I guess this is just a long-winded way of saying that my philosophy is analogous to what codekoala touched on: I see the PKGBUILD and its install/upgrade process as a way of installing (or updating) the application. I'm reluctant to touch your data as I feel that's your responsibility. I can't account for all use cases where Sentry is installed, and some of the larger deployments generally require planning before an upgrade. Automatically doing *anything* could introduce errors into this process, so I took the more conservative route of printing (hopefully) helpful notices following an upgrade detailing what you need to do before restarting Sentry (and reminding you to take backups of your database!).

Incidentally, the official PostgreSQL packages don't upgrade your installed databases automatically either, as an example of an official package and its behavior. You're expected to install postgresql-old-upgrade and follow the instructions on the wiki [2]. Hence, I believe this PKGBUILD follows more closely with the official philosophy, of which I can think of no examples that do anything without manual intervention (this is why I dislike Debian distributions--they start services automatically after installation without so much as a chance to configure them).

You're welcome to create an issue on the GitHub repository containing this PKGBUILD [3] where we can discuss this further. I'm open to making things easier (perhaps the instructions we print following an upgrade are too verbose and need to be rendered more concise?), but I also hesitate to do anything that might cause headaches for deployments that have already been installed and may have automated tooling and review processes that assist them during an upgrade.

[1] https://aur.archlinux.org/packages/gitlab/
[2] https://wiki.archlinux.org/index.php/PostgreSQL#Upgrading_PostgreSQL
[3] https://github.com/zancarius/archlinux-pkgbuilds

codekoala commented on 2016-04-12 15:48

Here's another scenario: let's say you upgrade a database from one major version to another. For example, if you upgraded PostgreSQL 9.4 to 9.5, would you want the package to worry about migrating all of your data to the new version's format? While it would be convenient, it could be a very destructive operation that you'd want more control over. Say you have custom extensions for 9.4 that have not yet been updated or compiled/installed for 9.5. Bad things would happen, and you'd likely lose data.

Upgrades dealing with data are generally left to be manual operations. The migration command that sentry provides is about as automatic as I'd personally prefer to see. In the case of Firefox, it upgrades itself regardless of platform. It's built into Firefox, not into the Arch package.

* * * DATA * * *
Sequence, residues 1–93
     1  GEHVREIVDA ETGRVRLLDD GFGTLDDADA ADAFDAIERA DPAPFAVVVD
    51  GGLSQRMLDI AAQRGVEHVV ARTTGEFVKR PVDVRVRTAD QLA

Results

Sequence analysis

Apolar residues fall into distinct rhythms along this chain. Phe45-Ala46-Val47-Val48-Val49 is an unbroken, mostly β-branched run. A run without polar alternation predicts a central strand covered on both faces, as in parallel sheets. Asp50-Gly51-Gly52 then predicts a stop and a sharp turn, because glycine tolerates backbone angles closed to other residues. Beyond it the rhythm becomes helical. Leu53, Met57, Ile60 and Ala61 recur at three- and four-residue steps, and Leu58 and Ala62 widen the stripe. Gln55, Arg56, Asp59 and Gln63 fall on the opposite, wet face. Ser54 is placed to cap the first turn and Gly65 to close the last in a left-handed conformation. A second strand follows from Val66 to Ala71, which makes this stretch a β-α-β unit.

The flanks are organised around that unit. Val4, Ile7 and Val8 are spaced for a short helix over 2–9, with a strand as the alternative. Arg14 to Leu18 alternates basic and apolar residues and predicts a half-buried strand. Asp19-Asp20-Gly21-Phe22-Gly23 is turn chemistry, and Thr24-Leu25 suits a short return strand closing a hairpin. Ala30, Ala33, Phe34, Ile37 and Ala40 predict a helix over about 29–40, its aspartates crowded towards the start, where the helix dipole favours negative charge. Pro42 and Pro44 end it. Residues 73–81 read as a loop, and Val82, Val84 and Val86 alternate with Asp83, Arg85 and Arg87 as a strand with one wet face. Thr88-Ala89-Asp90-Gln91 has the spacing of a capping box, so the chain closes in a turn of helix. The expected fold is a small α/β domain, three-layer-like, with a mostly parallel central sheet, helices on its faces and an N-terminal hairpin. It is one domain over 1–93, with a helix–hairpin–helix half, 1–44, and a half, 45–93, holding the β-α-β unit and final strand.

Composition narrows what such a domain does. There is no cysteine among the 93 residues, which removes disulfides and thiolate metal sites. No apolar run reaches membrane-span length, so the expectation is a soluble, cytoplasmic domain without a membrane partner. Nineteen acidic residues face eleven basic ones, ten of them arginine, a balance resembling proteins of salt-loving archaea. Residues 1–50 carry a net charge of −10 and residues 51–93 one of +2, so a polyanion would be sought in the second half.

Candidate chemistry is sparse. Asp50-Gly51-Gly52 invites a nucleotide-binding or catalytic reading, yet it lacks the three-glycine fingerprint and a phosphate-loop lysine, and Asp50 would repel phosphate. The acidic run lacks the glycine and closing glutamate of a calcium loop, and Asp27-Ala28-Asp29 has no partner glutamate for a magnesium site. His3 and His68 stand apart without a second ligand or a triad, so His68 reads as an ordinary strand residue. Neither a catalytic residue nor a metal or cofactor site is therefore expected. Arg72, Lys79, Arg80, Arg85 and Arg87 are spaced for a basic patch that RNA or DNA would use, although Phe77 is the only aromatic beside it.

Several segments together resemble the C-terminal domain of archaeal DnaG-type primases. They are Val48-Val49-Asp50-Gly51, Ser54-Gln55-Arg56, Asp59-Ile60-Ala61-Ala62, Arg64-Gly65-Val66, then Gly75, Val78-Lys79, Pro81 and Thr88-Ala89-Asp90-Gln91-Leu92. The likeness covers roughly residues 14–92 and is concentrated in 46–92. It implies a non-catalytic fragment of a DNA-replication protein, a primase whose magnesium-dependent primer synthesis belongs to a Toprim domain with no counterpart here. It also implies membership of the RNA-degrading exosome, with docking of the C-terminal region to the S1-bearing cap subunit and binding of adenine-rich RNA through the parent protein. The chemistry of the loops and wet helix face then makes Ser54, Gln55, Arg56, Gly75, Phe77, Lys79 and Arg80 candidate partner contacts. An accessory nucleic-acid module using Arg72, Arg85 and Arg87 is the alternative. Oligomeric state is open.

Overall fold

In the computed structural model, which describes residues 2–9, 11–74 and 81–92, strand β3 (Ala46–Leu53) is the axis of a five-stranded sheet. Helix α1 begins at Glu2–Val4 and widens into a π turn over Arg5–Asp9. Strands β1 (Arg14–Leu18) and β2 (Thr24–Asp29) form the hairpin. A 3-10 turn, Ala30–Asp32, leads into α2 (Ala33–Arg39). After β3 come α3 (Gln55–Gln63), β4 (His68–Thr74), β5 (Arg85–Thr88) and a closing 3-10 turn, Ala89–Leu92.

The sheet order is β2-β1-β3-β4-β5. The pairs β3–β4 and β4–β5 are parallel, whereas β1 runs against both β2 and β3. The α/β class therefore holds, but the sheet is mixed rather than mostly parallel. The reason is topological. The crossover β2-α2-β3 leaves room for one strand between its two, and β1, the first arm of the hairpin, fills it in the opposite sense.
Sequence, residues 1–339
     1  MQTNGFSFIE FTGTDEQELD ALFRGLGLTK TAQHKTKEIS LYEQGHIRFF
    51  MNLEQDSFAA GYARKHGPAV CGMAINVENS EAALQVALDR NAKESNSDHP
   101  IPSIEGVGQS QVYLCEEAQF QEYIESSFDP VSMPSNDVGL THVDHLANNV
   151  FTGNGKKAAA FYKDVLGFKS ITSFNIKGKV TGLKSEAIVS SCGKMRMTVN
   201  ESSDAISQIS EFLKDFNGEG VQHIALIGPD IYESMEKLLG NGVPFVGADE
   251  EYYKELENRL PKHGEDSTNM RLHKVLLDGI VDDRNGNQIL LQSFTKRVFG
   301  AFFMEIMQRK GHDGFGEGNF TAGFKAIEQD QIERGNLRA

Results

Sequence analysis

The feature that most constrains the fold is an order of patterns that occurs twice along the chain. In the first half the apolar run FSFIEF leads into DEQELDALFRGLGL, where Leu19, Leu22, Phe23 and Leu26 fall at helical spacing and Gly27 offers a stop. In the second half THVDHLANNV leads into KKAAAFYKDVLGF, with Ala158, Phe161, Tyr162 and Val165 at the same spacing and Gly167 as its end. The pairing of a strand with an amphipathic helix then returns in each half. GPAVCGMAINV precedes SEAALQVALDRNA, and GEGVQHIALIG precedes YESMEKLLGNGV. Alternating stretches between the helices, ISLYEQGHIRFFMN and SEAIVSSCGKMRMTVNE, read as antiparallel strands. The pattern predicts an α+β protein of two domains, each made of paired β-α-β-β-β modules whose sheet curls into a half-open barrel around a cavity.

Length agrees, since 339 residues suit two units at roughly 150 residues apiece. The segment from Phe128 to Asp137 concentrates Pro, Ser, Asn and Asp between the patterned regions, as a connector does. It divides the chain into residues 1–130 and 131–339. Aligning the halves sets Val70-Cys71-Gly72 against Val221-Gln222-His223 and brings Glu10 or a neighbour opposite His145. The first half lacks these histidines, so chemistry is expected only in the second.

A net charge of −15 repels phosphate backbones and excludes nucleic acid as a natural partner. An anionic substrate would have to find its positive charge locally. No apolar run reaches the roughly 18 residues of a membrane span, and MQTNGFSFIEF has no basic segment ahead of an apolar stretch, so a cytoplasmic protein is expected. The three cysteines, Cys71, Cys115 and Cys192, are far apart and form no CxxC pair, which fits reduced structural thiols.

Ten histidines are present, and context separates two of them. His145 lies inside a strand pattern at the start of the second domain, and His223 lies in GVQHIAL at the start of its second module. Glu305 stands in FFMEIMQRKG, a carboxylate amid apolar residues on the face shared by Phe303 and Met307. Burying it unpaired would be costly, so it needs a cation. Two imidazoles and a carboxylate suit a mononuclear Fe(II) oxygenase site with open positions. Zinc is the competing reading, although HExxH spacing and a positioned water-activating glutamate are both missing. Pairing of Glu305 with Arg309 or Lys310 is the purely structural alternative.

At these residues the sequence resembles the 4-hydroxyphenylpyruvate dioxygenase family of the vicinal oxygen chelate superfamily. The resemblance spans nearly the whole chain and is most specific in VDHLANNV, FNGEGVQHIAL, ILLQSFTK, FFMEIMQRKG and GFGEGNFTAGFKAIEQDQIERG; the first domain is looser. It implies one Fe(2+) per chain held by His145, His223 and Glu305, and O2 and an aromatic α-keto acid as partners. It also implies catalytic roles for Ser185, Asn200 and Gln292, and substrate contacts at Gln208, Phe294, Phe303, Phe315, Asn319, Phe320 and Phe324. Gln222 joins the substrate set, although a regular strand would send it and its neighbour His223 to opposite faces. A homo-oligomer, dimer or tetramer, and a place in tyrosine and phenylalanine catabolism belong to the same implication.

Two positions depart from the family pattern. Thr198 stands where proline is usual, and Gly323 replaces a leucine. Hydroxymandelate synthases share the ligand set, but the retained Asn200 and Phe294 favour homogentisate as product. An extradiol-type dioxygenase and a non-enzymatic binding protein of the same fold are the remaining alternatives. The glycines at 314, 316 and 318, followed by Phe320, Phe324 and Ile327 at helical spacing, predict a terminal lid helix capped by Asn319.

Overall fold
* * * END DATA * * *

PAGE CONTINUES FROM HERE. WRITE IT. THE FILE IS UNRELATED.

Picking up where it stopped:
mitchhentges commented on 2016-04-12 15:42

Does it go against the Arch way? Looking at the functions that are allowed in the install script, it appears that handling upgrades are one of the core features of a PKGBUILD [0] (install, upgrade, remove).

I'd argue that this isn't the same as enabling or starting services, because running an upgrade script is strictly a one-time operation. I feel that it's very similar to an install script.

Finally, or paying attention to what's being installed or upgraded: this is the only package that I have needed to manually execute a command for upon the application being upgraded. Whenever I upgrade Firefox, I don't need to manually make it update its local schema.

At the same time, I'm not maintaining my own AUR packages, so this is mostly an outside opinion. Perhaps there are other packages which require manual upgrades.

[0] https://wiki.archlinux.org/index.php/PKGBUILD#install

codekoala commented on 2016-04-12 14:35

@mitchhentges it's certainly possible, but it goes against the arch way. No (official) packages that I'm aware of automatically enable/start services, and this falls into the same category in my opinion.

The expectation for us as arch users is that we pay attention to what's being installed or upgraded. The informative message that this package already provides after installation is exactly what it should be.

mitchhentges commented on 2016-04-12 12:23

Is it possible to run a script on upgrade? It took me a little bit to realize that all my requests were failing: turned out I needed to run
./bin/sentry --config /etc/sentry/sentry.conf.py upgrade

It would be awesome if this package could run this command itself.

zancarius commented on 2016-04-11 07:30

I'll be posting the updated PKGBUILD tomorrow 20160411, possibly around noon (MDT). I haven't had time yet to examine some of the upstream changes including uWSGI's new "die-on-term" option. The "correct" solution is to probably continue sending a SIGINT until uWSGI 2.1 is released and Sentry updates to it.

zancarius commented on 2016-03-15 19:11

Okay, bumped version to 8.2.3, including @mitchhentges' SIGINT fix for uWSGI. If uWSGI changes this behavior, it might be necessary to remove this in the future. Thus, a healthy dose of caution is required for each update from this point onward.

We may consider moving to systemd.targets for Sentry. I was considering adding that in this patch, but it occurred to me that the possibility of using different DBMSes causes a bit of a problem insofar as target dependencies go (and I'm not sure what the best solution is in this case).

On the other hand, is launching two separate services (sentry + sentry-celery) problematic/annoying enough to warrant a sentry.target?

zancarius commented on 2016-03-15 16:52

Oh gosh, I'm an idiot. I've been working with uWSGI, too, for some of my own projects and ran into this exact issue, but apparently the idea never once occurred to me to add this to the unit files for Sentry.

I have absolutely nothing in my defense other than to say that reading the uWSGI docs for unrelated reasons sometime in the last month or two must've flushed that *weird* behavior out of my conscious memory.

Good catch, @mitchhentges, and great detective work! I'm thinking the systemd unit fix is the best option!

I'll be getting to your PR later today when I have some time. Thanks!